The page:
Studiolo and Kunstkammer: The Renaissance Collector 1430-1560
Begins: Wednesday 16 May 2018
Until: Friday 18 May 2018
(Wednesday, Thursday 11.00 to 15.30 (Access from 10.30) Friday Visits: 10.15, 11.30, 13.30 or 14.45 (All one hour duration))
- Brockway Room, Conway Hall,, 25 Red Lion Square, WC1R 4RL
- V&A Museum, Cromwell Road, SW7 2RL
- Lecturer: Clare Ford-Wille
Over three days we will explore the emergence of the collector in the Renaissance period with a combination of lectures and a guided small group visit to the V&A.
During the second half of the fifteenth century the Italian term ‘studiolo’, literally ‘little study’, emerged to describe a private, usually small, room in the palace or large house in Italy of a ruler or other important figure. These rooms were separate from the bedchamber, which could have a semi-public function, and began as places of private study and contemplation, to which only the owner had access. Later, during the sixteenth century, these rooms became private museums containing the owner’s most valued possessions, which could be small paintings, sculptures, coins, medals, jewels, books and precious objects. Such studioli served to reinforce the owner’s intellectual qualities and to set him apart from his contemporaries.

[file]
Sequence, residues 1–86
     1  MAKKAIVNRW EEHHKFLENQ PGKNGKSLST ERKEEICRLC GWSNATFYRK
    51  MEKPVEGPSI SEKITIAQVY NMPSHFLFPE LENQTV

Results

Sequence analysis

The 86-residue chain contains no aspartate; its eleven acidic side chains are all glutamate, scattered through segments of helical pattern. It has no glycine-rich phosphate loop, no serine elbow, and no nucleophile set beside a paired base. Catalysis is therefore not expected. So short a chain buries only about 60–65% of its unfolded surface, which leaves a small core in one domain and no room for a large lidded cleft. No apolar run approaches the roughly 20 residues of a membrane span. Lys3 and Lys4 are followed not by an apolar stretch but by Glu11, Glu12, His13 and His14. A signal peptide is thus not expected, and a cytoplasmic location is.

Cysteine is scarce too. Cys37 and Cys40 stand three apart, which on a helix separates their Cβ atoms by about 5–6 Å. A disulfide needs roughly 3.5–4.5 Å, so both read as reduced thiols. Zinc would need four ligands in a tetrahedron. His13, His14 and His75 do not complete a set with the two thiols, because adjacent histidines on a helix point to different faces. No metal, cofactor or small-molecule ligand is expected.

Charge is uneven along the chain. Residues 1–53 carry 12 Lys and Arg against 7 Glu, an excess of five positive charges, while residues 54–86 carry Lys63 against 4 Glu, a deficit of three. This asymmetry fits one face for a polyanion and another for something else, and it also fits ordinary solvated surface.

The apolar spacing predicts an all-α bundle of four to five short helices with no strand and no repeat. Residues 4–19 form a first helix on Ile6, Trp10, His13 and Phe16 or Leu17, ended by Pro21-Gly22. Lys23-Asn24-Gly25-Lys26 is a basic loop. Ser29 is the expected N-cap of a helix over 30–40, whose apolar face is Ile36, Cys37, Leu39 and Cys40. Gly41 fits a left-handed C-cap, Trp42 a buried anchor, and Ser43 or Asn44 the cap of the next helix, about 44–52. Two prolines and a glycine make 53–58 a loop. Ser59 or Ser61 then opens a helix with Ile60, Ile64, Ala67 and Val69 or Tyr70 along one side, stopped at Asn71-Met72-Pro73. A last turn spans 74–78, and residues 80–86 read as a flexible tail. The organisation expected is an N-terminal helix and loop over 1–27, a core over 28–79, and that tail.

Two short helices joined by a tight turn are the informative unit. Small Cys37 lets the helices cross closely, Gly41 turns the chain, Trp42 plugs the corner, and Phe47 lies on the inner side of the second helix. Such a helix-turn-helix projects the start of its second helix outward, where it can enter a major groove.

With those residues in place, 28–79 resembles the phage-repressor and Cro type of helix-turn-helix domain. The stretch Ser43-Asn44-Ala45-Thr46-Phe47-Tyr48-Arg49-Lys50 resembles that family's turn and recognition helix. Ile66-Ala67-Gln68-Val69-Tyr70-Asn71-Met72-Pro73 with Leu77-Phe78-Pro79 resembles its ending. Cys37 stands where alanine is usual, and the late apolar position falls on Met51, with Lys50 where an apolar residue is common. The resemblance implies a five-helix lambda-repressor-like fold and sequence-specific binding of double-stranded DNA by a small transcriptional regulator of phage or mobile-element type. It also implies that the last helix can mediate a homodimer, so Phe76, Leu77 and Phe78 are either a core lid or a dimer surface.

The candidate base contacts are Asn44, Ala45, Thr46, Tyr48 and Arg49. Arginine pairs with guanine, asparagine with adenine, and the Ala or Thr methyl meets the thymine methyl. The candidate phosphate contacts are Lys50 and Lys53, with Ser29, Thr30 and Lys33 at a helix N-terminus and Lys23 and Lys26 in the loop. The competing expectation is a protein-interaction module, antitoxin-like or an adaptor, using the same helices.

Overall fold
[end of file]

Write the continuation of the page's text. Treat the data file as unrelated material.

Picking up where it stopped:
The origins may have first emerged in the scholarly settings of paintings depicting Saints Jerome or Augustine by van Eyck, Carpaccio or Botticelli, but by the last quarter of the fifteenth century recognisable studioli emerged in Italy as the private passions of, for example, Lionello de’Este, Federigo da Montefeltro or Isabella d’Este.
By the middle of the sixteenth century the idea had spread across the Alps to Northern Europe and developed into the kunstkammer, a term first used in 1550 in connection with the Emperor Ferdinand I’s collection in Vienna.
On Wednesday and Thursday there will be lectures in the Brockway Room and on Friday the class will divide into four smaller groups of no more than 14 people to make a guided visit to the V&A. Slots will be allocated on first day of the course.
LECTURE 1: Origins in fifteenth-century paintings of Saints Jerome and Augustine
LECTURE 2: The emergence of the early studioli in Italy: Lionello d’Este and the court in Ferrara
LECTURE 3: Federigo da Montefeltro’s studioli in Urbino and Gubbio
LECTURE 1: Isabella d’Este and her collecting obsessions in Mantua
LECTURE 2: Alfonso d’Este and his collections in Ferrara
LECTURE 3: The beginnings of the kunstkammer in Northern Europe
V&A guided visit.
Clare Ford-Wille is an independent art historian, well known to members for her courses at Birkbeck and Morley College as well as a lecturer at the National Gallery, the Victoria & Albert Museum and NADFAS groups in Britain and Europe. She has led many tours abroad. Clare is a Vice President of The London Art History Society